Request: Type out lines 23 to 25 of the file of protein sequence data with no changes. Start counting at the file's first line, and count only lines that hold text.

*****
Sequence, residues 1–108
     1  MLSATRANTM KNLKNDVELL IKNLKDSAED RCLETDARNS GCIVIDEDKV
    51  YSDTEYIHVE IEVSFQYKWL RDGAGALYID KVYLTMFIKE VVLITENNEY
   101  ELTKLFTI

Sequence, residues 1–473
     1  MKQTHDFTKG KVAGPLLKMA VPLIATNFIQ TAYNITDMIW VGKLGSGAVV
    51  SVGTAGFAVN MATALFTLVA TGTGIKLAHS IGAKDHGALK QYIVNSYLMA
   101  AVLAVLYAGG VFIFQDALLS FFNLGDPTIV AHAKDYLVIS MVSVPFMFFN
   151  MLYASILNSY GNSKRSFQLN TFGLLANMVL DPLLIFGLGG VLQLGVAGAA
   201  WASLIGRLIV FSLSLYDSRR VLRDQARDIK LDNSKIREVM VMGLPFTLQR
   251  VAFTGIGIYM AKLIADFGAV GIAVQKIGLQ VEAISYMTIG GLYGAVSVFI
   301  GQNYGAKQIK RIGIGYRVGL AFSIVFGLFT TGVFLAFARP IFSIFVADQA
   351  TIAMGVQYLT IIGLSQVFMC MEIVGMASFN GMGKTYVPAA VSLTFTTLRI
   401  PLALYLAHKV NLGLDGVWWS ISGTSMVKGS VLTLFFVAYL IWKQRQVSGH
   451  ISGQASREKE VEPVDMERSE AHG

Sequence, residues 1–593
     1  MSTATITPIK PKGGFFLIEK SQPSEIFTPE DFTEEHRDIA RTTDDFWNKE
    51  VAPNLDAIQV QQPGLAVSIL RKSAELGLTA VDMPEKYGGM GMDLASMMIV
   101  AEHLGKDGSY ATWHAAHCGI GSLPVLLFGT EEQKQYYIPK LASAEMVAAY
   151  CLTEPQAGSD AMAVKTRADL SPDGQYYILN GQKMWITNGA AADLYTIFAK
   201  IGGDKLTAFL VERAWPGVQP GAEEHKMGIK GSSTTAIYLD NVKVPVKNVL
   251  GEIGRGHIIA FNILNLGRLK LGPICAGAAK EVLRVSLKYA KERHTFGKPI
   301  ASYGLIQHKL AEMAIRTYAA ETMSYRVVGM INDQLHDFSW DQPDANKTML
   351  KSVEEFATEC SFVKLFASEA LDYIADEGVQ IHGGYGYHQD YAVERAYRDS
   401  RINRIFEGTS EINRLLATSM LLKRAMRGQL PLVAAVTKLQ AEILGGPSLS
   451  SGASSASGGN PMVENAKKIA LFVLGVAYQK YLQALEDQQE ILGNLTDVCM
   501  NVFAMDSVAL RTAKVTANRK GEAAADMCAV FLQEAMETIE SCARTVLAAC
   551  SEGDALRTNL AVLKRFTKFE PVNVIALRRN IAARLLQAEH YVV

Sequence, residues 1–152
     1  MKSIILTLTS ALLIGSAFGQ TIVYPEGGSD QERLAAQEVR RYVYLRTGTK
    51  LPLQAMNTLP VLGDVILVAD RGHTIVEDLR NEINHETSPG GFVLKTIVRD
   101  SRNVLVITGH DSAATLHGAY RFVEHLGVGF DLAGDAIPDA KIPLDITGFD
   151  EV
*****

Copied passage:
   301  ASYGLIQHKL AEMAIRTYAA ETMSYRVVGM INDQLHDFSW DQPDANKTML
   351  KSVEEFATEC SFVKLFASEA LDYIADEGVQ IHGGYGYHQD YAVERAYRDS
   401  RINRIFEGTS EINRLLATSM LLKRAMRGQL PLVAAVTKLQ AEILGGPSLS